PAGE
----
ENGLEWOOD, Colo. -- The Denver Broncos are in a freefall.
They are 3-4 after a 3-0 start, with growing despair among the team's faithful that the five-year playoff drought from 2006 to 2010 is about to be topped by a six-year hiatus.
The Broncos were 8-4 on the morning of Dec. 11, 2016 -- 75 games ago. They have gone 27-48 overall since then, a .360 winning percentage. They are 13-19 at home, with a turnstile at quarterback and a growing pile of frustration inside and outside the team's complex as solutions continue to be elusive.
Broncos coach Vic Fangio was asked hours after the loss to the Cleveland Browns last Thursday if he's had conversations with general manager George Paton about the team's current plight.
"Yeah, I've talked to George, talked to John [Elway], and talked to [team president and CEO] Joe [Ellis]. We've talked and it's all very constructive and productive. We all want the same thing. We want to get this team back to winning."
The Broncos have 10 games to scratch and claw their way back toward some short-term relevancy. The past five Broncos teams, however, didn't put the train back on the tracks after the losing started.
This is a roster that Ellis, Elway, Paton, Fangio and many of the players said had playoff potential, both in terms of skill and depth. So what happened and what's next?
Injuries? Fix the defensive line
Yes, cry you a river. Even Fangio said injuries are not an excuse. In the NFL they are inevitable and expecting them not to happen is unreasonable and illogical.
But the Broncos have seven linebackers on injured reserve, including three starters in Bradley Chubb, Alexander Johnson and Josey Jewell. It has impacted how they can mix-and-match along the line of scrimmage. Opposing offensive coaches, though, are quick to say the Broncos defensive line -- one that hasn't been impacted much by injuries -- is not playing as well as last season. That combination has resulted in far too many second-and shorts and third-and-1s as Broncos' front seven has been overwhelmed at times.
Last Thursday, the Browns had six third-and-1 plays. In their four losses the Broncos have simply not held their ground along the line of scrimmage, as opponents have averaged at least 5.4 yards per play in each.
Sacks? Play under center more
The notion of running the ball 50% of the time or that "balance" is some 50-50 run/pass split is not relevant in today's NFL.
But when quarterback Teddy Bridgewater was under center -- on run or pass plays -- close to 50% of the time, the Broncos did everything on offense better, including throw the ball down the field.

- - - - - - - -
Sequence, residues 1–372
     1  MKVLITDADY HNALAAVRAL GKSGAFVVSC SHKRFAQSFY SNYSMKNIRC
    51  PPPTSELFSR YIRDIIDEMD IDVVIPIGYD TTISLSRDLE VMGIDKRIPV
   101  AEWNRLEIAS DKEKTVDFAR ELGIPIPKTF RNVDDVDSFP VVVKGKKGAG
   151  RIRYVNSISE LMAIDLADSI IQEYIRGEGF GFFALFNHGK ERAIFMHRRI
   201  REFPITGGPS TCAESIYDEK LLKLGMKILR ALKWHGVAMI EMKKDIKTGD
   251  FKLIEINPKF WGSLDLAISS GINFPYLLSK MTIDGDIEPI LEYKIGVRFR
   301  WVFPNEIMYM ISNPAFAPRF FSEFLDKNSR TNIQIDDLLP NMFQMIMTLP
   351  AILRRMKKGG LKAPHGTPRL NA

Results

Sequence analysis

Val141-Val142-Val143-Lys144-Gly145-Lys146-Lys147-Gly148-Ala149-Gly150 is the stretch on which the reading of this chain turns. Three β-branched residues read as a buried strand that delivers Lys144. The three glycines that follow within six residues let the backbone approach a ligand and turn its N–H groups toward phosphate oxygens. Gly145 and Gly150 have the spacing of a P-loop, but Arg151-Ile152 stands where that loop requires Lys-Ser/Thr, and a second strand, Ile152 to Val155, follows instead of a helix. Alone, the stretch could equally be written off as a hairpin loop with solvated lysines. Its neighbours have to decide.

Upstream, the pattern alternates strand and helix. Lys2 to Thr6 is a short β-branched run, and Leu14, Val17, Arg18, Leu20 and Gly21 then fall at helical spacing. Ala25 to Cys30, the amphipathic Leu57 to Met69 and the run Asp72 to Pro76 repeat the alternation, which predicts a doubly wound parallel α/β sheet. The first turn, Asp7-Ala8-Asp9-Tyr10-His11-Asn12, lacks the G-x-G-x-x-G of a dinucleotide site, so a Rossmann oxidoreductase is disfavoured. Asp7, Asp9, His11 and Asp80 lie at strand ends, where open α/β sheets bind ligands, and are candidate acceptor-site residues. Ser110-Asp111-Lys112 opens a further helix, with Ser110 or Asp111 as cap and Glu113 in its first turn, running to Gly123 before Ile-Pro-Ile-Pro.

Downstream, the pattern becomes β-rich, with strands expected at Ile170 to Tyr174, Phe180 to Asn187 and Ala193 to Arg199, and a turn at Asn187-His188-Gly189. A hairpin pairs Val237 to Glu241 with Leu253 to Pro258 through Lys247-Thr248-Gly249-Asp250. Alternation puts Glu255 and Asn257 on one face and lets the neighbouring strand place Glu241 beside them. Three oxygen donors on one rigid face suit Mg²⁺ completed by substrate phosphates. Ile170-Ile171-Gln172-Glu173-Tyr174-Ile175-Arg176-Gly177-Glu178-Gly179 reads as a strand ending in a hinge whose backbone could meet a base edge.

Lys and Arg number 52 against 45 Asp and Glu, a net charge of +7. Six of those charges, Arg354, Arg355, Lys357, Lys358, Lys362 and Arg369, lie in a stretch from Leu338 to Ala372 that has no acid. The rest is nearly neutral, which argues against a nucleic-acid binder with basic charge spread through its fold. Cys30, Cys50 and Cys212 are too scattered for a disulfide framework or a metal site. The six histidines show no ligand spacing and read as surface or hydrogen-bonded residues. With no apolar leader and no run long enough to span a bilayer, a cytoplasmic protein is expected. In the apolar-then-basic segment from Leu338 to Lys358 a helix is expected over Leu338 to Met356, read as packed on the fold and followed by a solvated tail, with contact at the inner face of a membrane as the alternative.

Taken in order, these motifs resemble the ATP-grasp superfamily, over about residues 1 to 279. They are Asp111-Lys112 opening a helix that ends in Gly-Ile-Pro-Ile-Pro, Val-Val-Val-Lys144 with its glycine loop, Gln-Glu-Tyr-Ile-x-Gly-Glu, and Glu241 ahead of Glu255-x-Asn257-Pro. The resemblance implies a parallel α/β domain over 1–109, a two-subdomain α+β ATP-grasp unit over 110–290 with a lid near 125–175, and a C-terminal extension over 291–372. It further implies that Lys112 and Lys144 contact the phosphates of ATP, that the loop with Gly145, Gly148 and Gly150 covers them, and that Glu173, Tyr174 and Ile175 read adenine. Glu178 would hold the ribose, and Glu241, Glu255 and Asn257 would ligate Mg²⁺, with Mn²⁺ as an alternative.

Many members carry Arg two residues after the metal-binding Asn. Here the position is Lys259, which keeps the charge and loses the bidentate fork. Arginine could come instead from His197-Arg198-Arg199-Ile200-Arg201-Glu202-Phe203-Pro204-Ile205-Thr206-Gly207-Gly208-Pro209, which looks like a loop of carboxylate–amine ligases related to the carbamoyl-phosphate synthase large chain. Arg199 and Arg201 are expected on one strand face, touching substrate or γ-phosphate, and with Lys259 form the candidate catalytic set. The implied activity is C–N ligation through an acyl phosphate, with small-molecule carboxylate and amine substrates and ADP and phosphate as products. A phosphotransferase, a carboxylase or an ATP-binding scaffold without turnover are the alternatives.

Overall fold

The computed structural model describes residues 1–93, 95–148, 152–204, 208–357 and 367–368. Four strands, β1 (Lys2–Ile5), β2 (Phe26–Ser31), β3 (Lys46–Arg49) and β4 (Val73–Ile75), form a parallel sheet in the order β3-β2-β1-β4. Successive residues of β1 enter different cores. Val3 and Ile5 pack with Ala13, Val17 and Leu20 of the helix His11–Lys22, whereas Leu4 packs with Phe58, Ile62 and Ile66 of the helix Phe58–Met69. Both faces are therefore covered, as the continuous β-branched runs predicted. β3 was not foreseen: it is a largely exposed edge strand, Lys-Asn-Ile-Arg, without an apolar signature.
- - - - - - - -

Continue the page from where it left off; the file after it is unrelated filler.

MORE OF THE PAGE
In three wins, Bridgewater was in the shotgun eight more snaps -- TOTAL -- over three games than he was under center. In the four losses, most of which were still one-score or 10-point games into the second half, the Broncos have elected to be in the shotgun 121 more times (including penalty snaps) than under center.
And all you have to do is check the training room to see it hasn't been good for Bridgewater. Sixteen of the 21 sacks the Broncos have surrendered this season, and 11 of the 13 they've surrendered in four losses, are when the quarterback starts in the shotgun. Yes, they've been in throw-first mode because they've led for fewer than four minutes over the past four games combined -- and not at all in the last three -- but the source of 84.7% of the sacks over the past four games needs some attention.
This Broncos offense is better when Bridgewater is under center far closer to half the time. Most importantly, defensive coaches think the Broncos are more difficult to play that way. Defenses feast on the A gaps -- between the center and guards -- when the Broncos are in three-wide.
What now? Leaders must lead
Nobody is coming to save them. So the Broncos can collectively mope, pout and roll their eyes, or they can get to work.
Start with the high-profile guys who aren't on injured reserve. They have to play closer to their best. To their credit, safety Justin Simmons, linebacker Von Miller and Bridgewater have said as much.
And Fangio, especially given his long, successful history as a coordinator, has to be honest and astute enough to coach his coaches. There's a fine line between sticking with what you believe in and pounding your head against the wall. The Broncos have to find the line if they have any interest in digging out of this losing streak and being anything close to what they said they could be a month ago, when they were chiding the "doubters'' about their 3-0 record.
"I'm not worried about my coaching status," Fangio said. "What I'm worried about is this team and doing anything and everything we can to get our guys coached up to play better. That's my only focus. ... There's three things you can do. ... One, lineup changes. Two, simplify, or three, when you have a bunch of guys go down, recreate. The recreates are usually short-lived with success. We just have to do what we do better."